OCaml aims at overall performance in 4.10 release


General purpose programming language OCaml has landed in version 4.10, improving memory usage, garbage collection (GC) costs and more in the project used by Microsoft, IBM, CEA and others.

OCaml was developed in 1996 at the French national research institute for digital sciences, Inria, for use in applications involving symbolic computation such as compilers or program analysers. Its most highlighted features include a powerful type system, automatic memory management, and user-definable algebraic data types and pattern-matching.

In the current release, its creators have fitted OCaml with a multi-index variant of extended indexing operators, helping with the indexing of generic multidimensional arrays, for example. The new version also contains a function to ignore module expressions, and enforces safe immutable strings.

OCaml’s runtime system has been improved to work better with programs with large heaps. This has been realised by a still experimental best-fit allocator which is promised to reduce GC cost and memory usage, and can be set by putting OCAMLRUNPARAM=“a=2”. The runtime has also seen the addition of a C function to execute all pending actions inside long-running C functions, and fixes for its stack overflow detection and bytecode backtrace generation.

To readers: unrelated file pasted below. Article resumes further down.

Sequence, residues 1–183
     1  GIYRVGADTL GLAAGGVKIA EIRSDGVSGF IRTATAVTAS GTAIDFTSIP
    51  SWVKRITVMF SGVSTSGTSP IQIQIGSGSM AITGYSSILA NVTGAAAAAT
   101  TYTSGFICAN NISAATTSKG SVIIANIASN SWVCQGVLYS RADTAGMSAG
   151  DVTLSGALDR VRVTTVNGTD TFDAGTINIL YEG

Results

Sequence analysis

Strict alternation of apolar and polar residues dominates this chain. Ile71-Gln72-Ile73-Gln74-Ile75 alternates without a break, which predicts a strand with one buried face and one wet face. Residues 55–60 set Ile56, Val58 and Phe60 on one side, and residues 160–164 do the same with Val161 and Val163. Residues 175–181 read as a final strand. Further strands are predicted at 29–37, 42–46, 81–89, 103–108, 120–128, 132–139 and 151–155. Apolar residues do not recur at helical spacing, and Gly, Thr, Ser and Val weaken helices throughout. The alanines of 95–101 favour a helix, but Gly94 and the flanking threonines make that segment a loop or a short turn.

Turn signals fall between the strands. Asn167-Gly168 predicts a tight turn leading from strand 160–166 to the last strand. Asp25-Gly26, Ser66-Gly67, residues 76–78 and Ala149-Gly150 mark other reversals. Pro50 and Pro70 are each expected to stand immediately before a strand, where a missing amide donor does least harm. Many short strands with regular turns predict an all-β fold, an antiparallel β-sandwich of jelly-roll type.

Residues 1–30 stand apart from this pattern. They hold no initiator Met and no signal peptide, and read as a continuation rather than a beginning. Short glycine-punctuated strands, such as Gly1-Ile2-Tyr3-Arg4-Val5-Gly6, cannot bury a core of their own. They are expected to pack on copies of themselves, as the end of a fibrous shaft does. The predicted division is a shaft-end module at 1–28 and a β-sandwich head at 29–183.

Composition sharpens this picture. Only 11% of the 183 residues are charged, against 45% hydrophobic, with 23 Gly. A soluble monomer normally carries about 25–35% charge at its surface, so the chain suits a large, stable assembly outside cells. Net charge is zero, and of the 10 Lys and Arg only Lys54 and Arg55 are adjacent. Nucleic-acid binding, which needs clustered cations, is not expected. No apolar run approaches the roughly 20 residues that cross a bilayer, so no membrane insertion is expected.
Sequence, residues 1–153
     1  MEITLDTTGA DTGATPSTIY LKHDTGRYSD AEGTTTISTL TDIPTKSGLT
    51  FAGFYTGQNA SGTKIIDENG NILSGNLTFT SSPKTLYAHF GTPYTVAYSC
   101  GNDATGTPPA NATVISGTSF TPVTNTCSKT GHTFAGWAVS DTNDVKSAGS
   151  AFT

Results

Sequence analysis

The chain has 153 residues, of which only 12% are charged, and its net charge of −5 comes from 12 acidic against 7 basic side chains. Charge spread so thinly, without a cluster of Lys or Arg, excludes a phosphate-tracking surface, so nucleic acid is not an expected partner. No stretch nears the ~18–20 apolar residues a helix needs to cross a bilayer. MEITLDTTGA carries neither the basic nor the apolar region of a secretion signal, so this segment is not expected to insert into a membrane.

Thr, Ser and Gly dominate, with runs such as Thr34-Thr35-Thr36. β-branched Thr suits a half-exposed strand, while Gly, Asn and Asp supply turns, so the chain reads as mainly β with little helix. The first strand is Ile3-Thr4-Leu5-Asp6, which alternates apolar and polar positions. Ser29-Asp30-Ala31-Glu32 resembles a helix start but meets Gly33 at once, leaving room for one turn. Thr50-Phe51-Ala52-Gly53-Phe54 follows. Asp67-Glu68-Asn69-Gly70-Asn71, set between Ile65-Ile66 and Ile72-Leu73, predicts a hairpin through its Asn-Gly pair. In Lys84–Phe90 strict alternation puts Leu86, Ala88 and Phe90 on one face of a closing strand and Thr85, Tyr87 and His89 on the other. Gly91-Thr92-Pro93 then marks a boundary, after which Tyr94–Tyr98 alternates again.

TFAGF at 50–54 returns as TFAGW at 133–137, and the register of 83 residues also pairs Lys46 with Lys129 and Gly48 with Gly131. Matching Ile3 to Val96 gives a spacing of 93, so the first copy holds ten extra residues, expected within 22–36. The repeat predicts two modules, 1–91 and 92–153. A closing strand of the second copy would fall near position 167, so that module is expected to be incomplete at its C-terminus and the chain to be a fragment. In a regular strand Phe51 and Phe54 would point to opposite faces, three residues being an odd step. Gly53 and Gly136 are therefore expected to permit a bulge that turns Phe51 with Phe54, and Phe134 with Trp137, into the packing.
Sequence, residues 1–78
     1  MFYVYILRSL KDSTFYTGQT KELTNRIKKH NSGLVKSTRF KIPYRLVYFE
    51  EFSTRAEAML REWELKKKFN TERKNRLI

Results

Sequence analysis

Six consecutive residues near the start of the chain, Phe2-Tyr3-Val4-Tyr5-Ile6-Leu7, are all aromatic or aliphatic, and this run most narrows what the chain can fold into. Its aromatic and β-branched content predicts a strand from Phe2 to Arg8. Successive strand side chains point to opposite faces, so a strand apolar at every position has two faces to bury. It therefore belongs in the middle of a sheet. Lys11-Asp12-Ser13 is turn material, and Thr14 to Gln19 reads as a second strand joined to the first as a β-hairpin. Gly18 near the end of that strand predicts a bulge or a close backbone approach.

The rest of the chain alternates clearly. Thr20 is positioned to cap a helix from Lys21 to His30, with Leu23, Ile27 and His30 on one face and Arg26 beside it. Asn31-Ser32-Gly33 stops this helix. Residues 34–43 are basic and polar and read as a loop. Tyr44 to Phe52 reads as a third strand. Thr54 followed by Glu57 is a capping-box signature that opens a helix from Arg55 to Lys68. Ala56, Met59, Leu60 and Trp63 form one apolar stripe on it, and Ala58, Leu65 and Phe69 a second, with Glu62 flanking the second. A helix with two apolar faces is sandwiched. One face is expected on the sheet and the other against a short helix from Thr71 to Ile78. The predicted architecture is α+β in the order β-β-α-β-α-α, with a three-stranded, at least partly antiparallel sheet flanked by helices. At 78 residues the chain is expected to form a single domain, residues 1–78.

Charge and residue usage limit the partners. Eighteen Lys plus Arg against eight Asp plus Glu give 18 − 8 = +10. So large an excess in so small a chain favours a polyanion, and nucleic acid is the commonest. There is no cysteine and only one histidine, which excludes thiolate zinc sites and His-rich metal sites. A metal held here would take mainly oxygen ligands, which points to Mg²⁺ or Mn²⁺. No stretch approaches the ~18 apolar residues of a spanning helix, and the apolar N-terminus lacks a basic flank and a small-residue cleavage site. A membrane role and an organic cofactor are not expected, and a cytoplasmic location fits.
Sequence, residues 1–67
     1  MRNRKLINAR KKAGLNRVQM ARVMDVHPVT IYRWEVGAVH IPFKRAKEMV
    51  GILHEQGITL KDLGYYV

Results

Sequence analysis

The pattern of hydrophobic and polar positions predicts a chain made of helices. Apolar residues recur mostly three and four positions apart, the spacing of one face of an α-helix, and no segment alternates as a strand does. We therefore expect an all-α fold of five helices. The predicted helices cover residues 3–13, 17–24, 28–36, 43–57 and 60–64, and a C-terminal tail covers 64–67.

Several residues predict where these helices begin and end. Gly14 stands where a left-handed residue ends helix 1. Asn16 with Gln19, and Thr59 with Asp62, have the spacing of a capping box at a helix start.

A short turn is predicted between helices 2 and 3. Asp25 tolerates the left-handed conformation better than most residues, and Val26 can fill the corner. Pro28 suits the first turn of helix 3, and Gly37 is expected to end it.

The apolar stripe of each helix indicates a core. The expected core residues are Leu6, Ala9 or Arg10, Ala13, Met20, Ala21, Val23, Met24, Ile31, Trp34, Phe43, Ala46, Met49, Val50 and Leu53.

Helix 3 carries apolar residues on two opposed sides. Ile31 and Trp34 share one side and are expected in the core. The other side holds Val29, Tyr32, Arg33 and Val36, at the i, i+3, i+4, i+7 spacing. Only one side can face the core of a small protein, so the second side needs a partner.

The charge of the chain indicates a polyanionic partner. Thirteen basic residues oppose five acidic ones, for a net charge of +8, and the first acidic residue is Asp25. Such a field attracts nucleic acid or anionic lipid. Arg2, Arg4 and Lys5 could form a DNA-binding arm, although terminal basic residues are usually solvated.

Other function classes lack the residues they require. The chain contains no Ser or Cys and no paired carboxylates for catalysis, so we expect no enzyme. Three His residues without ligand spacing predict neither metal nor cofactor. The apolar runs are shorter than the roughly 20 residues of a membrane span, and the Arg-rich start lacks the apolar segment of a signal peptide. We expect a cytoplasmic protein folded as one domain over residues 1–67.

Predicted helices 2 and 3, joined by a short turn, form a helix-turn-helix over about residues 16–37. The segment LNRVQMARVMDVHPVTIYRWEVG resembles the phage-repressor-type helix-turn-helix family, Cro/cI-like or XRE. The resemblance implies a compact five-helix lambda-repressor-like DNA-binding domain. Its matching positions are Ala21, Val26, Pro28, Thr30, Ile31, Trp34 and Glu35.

Further optimisations can be found in the standard library, for example, where they are meant to improve array construction and filling as well as the clearing of hashtables. The lib now also contains “Filename.quote_command to produce properly-quoted commands for execution by Sys.command”, “‘%#F’ modifier in printf to output OCaml float constants in hexadecimal” and tries to better avoid duplicate work when sorting lists.

Version 4.10 comes with quite a number of breaking changes, which is why a quick glance at the release notes is advised. Reasons why your old code might not work as expected once you made the jump range from the major garbage collection hooks no longer interacting with the OCaml heap, to allocation functions not triggering OCaml callbacks when called from C, to a new table for global variables in the runtime.

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